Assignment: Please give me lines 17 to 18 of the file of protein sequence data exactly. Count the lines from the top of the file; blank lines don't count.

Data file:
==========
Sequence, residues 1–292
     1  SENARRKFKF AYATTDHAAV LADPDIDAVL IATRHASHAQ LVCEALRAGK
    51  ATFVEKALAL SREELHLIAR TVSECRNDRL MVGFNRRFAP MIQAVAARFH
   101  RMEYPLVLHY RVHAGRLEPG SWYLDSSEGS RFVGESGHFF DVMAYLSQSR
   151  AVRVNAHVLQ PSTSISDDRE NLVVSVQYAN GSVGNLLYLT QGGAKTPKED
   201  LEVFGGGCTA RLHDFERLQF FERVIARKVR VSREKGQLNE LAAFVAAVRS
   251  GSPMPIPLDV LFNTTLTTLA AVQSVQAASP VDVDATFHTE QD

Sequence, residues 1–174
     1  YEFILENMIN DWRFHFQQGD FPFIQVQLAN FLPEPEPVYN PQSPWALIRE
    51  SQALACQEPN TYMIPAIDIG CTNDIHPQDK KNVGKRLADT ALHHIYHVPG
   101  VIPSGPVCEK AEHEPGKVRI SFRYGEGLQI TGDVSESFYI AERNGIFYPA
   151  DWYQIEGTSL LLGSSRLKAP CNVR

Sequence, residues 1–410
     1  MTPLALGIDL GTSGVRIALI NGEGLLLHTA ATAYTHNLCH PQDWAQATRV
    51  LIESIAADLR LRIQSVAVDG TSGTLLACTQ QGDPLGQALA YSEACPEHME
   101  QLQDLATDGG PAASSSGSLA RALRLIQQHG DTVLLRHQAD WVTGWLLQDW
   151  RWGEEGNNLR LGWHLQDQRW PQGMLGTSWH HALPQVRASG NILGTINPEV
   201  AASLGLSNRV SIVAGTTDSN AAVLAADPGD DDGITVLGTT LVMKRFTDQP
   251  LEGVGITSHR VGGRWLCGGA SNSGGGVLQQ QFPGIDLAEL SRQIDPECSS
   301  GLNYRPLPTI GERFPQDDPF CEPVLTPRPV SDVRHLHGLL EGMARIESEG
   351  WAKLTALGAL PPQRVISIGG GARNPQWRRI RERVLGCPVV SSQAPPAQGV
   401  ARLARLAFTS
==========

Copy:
   151  RWGEEGNNLR LGWHLQDQRW PQGMLGTSWH HALPQVRASG NILGTINPEV
   201  AASLGLSNRV SIVAGTTDSN AAVLAADPGD DDGITVLGTT LVMKRFTDQP